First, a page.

Task type and format: Test takers are required to match a numbered list of items from the listening text to a set of options on the question paper. The set of options may be criteria of some kind.
Task focus: Matching assesses the skill of listening for detail and whether a test taker can understand information given in a conversation on an everyday topic, such as the different types of hotel or guest house accommodation. It also assesses the ability to follow a conversation between two people. It may also be used to assess test takers’ ability to recognize relationships and connections between facts in the listening text.
No. of questions: Variable
Task type and format: Test takers are required to complete labels on a plan (e.g. of a building), map (e.g. part of a town) or diagram (e.g. of a piece of equipment). The answers are usually selected from a list on the question paper.
Task focus: This type of task assesses the ability to understand, for example, a description of a place, and to relate this to a visual representation. This may include being able to follow language expressing spatial relationships and directions (e.g. straight on/through the far door).
No. of questions: Variable
Task type and format: Test takers are required to fill in the gaps in an outline of part or of all of the listening text. The outline will focus on the main ideas/facts in the text. It may be:
1. a form: often used to record factual details such as names
2. a set of notes: used to summarize any type of information using the layout to show how different items relate to one another
3. a table: used as a way of summarizing information which relates to clear categories – e.g. place/time/price,
4. a flow-chart: used to summarize a process which has clear stages, with the direction of the process shown by arrows.
Test takers may have to select their answers from a list on the question paper or identify the missing words from the recording, keeping to the word limit stated in the instructions. Test takers do not have to change the words from the recording in any way.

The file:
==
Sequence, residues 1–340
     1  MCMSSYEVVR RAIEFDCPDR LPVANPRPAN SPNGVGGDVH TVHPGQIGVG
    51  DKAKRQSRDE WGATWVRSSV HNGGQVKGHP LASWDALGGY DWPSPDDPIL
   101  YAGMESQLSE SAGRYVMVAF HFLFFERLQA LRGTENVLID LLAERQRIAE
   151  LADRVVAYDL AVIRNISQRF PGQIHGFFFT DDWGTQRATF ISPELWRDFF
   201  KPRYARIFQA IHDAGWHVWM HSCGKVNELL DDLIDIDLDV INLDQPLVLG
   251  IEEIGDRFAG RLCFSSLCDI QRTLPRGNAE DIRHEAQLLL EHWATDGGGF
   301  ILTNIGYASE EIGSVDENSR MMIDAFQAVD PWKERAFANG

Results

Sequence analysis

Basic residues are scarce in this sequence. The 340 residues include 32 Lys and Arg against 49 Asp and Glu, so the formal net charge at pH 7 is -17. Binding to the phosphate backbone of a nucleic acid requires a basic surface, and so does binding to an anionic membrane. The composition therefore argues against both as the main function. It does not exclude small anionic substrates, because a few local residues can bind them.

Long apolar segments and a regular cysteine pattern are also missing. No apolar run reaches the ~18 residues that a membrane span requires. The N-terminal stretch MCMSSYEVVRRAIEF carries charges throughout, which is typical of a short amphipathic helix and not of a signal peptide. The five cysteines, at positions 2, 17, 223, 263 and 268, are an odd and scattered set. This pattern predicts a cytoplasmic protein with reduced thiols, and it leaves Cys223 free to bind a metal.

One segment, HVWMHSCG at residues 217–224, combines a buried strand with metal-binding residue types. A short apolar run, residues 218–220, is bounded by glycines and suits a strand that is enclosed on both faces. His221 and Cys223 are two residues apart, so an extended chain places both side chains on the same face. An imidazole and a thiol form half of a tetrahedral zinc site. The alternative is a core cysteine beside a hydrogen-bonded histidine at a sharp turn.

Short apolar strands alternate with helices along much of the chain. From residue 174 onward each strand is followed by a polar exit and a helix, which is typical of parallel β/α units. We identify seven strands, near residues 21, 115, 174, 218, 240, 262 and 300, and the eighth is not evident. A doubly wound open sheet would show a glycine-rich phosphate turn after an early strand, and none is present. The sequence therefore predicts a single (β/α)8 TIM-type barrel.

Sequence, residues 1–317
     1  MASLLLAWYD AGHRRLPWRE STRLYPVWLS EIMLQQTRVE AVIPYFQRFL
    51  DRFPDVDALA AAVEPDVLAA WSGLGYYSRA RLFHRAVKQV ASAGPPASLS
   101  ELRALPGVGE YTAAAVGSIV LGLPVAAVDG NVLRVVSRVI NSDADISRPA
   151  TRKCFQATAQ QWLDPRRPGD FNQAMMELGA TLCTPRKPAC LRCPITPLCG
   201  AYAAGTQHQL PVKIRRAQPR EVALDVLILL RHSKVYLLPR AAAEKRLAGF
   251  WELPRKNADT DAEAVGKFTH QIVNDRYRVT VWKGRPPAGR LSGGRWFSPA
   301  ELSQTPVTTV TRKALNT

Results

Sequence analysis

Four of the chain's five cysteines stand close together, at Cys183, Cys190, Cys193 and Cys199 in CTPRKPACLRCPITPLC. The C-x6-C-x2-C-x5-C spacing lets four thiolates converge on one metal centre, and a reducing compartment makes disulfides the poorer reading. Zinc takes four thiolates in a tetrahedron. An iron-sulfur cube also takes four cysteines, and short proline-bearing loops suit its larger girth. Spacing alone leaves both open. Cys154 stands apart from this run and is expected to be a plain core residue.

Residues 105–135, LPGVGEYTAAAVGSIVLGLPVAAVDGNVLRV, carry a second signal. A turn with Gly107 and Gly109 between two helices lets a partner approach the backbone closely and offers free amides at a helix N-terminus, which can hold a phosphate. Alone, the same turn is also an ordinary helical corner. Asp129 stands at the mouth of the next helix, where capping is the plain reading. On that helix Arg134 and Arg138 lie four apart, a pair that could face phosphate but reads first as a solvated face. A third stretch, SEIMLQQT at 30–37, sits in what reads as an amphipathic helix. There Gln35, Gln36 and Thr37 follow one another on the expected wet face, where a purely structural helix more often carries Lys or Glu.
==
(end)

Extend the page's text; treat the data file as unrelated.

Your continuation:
Test takers should read the instructions very carefully as the number of words or numbers they should use to fill the gaps will vary. A word limit is given, for example, ‘NO MORE THAN TWO WORDS AND/OR A NUMBER’. Test takers are penalized for writing more than the stated number of words, and test takers should check this word limit carefully for each task. Contracted words will not be tested. Hyphenated words count as single words.
Task focus: This focuses on the main points which a listener would naturally record in this type of situation.
No. of questions: Variable
Task type and format: Test takers are required to read a set of sentences summarizing key information from all the listening text or from one part of it. They then fill a gap in each sentence using information from the listening text. A word limit is given, for example, ‘NO MORE THAN ONE WORD AND/OR A NUMBER’.
Test takers are penalized for writing more than the stated number of words. (Test takers should check this word limit carefully for each task: the limit is either ONE, TWO or THREE words). Contracted words will not be tested. Hyphenated words count as single words.
Task focus: Sentence completion focuses on the ability to identify the key information in a listening text. Test takers have to understand functional relationships such as cause and effect.
No. of questions: Variable
Task type and format: Test takers are required to read a question and then write a short answer using information from the listening text. A word limit is given, for example, ‘NO MORE THAN THREE WORDS AND/OR A NUMBER’. Test takers are penalized for writing more than the stated number of words. (Test takers should check this word limit carefully for each task.) Contracted words will not be tested. Hyphenated words count as single words. Sometimes test takers are given a question which asks them to list two or three points.
Task focus: Sentence completion focuses on the ability to listen for concrete facts, such as places, prices or times, within the listening text.